A phylogenetic approach toward the understanding of disjunct distributions of plant taxa in Western Ghats and northeastern India.
Puri R., Barman P. & R. Geeta
Published on : 31-Dec-2016
DOI : https://dx.doi.org/10.22244/rheedea.2016.26.02.03Download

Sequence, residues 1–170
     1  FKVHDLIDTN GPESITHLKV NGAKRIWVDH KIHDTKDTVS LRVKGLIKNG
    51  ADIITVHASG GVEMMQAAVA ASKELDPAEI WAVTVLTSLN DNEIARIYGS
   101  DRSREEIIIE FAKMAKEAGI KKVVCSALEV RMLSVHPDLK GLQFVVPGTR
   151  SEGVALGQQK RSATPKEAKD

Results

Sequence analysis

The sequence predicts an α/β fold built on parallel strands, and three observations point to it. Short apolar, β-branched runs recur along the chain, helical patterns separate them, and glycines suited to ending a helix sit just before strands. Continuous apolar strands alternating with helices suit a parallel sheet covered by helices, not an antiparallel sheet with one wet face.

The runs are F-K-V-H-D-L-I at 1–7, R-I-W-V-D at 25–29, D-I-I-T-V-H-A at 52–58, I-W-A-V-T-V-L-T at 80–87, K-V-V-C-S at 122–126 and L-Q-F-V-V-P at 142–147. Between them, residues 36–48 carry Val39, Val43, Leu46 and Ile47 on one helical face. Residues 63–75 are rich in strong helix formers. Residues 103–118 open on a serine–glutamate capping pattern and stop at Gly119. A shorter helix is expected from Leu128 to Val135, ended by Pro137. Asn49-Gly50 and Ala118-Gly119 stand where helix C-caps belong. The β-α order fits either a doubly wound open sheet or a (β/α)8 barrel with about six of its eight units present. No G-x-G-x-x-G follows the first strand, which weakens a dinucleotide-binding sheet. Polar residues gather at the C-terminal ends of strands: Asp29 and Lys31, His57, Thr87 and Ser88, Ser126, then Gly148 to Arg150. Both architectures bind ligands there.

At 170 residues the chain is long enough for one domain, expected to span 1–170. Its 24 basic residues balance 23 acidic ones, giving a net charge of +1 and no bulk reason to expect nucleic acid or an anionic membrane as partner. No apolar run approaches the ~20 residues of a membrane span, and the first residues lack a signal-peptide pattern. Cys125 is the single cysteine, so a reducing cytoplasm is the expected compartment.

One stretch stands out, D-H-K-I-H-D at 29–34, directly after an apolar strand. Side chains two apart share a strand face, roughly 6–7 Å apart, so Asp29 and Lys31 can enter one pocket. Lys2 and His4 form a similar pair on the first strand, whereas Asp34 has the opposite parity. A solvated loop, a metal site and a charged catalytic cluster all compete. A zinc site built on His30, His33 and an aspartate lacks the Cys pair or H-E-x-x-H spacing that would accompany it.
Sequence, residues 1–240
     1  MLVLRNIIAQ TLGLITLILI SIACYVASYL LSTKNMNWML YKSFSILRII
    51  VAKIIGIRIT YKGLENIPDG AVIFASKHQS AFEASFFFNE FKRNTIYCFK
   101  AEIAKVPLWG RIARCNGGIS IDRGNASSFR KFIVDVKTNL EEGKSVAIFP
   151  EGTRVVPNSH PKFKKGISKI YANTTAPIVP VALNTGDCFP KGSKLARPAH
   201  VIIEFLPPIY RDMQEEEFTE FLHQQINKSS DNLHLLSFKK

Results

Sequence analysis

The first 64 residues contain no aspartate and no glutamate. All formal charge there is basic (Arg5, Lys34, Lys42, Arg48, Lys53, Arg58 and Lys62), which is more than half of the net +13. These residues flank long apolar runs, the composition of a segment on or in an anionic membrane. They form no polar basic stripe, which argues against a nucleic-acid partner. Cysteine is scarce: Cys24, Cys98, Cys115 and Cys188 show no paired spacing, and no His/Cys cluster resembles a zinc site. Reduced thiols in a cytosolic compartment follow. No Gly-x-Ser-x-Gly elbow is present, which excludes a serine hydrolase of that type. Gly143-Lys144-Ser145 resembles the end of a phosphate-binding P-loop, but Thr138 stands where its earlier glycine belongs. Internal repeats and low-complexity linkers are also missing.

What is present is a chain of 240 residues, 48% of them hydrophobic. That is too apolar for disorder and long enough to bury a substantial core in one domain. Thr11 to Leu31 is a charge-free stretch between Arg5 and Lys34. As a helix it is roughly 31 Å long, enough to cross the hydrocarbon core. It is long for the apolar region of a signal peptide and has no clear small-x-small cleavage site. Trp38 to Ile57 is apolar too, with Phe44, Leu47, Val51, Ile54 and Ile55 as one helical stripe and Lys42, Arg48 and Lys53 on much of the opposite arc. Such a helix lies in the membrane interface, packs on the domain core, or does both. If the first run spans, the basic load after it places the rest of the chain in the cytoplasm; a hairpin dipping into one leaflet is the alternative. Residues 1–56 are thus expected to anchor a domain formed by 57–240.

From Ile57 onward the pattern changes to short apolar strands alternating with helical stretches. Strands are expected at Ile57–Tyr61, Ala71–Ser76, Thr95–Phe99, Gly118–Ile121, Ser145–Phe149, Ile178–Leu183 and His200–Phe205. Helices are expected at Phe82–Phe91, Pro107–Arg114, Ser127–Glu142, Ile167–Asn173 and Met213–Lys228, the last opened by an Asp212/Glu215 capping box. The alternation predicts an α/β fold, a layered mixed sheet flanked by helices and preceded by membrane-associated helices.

There are many Indian plant taxa with disjunct distributions in northeastern India and Western Ghats, raising several systematic and biogeographic questions. Such questions are best addressed in a phylogenetic context as presented in this review of nine genera (Arisaema Mart., Begonia L., Ceropegia L., Hoya R. Br., Impatiens L., Indigofera L., Rubus L., Strobilanthes Blume and Vitis L.). These genera were chosen because they contain species that are endemic and occur in either northeastern India or Western Ghats, and at least one species is included in global phylogenetic analyses. This review reveals that even with limited sampling within India, the phylogenetic studies are consistent with present understanding of the Indian flora: that it contains Chinese, South East Asian and African influences, and that the collision of India with Asia played a crucial role in the dispersal of some taxa into India. Some of these dispersals occurred soon after the collision (e.g., Arisaema at 45 ma), while others were more recent (Begonia at 15 ma from SE Asia). Other dispersals occurred between India and Africa (e.g., Begonia at 13.75 ma and Indigofera 13 ma). We analyzed new sequences of ITS and atpB-rbcL regions from nine species of Impatiens, combined with existing data. Our analysis of Impatiens suggests that there were not only dispersals from China and SE Asia into India, but also dispersals out of India into Africa and back into China and SE Asia. Furthermore, as in the case of Indigofera, the Indian and African species diverged at the most 10 million years ago, ruling out an ancient Gondwanan distribution.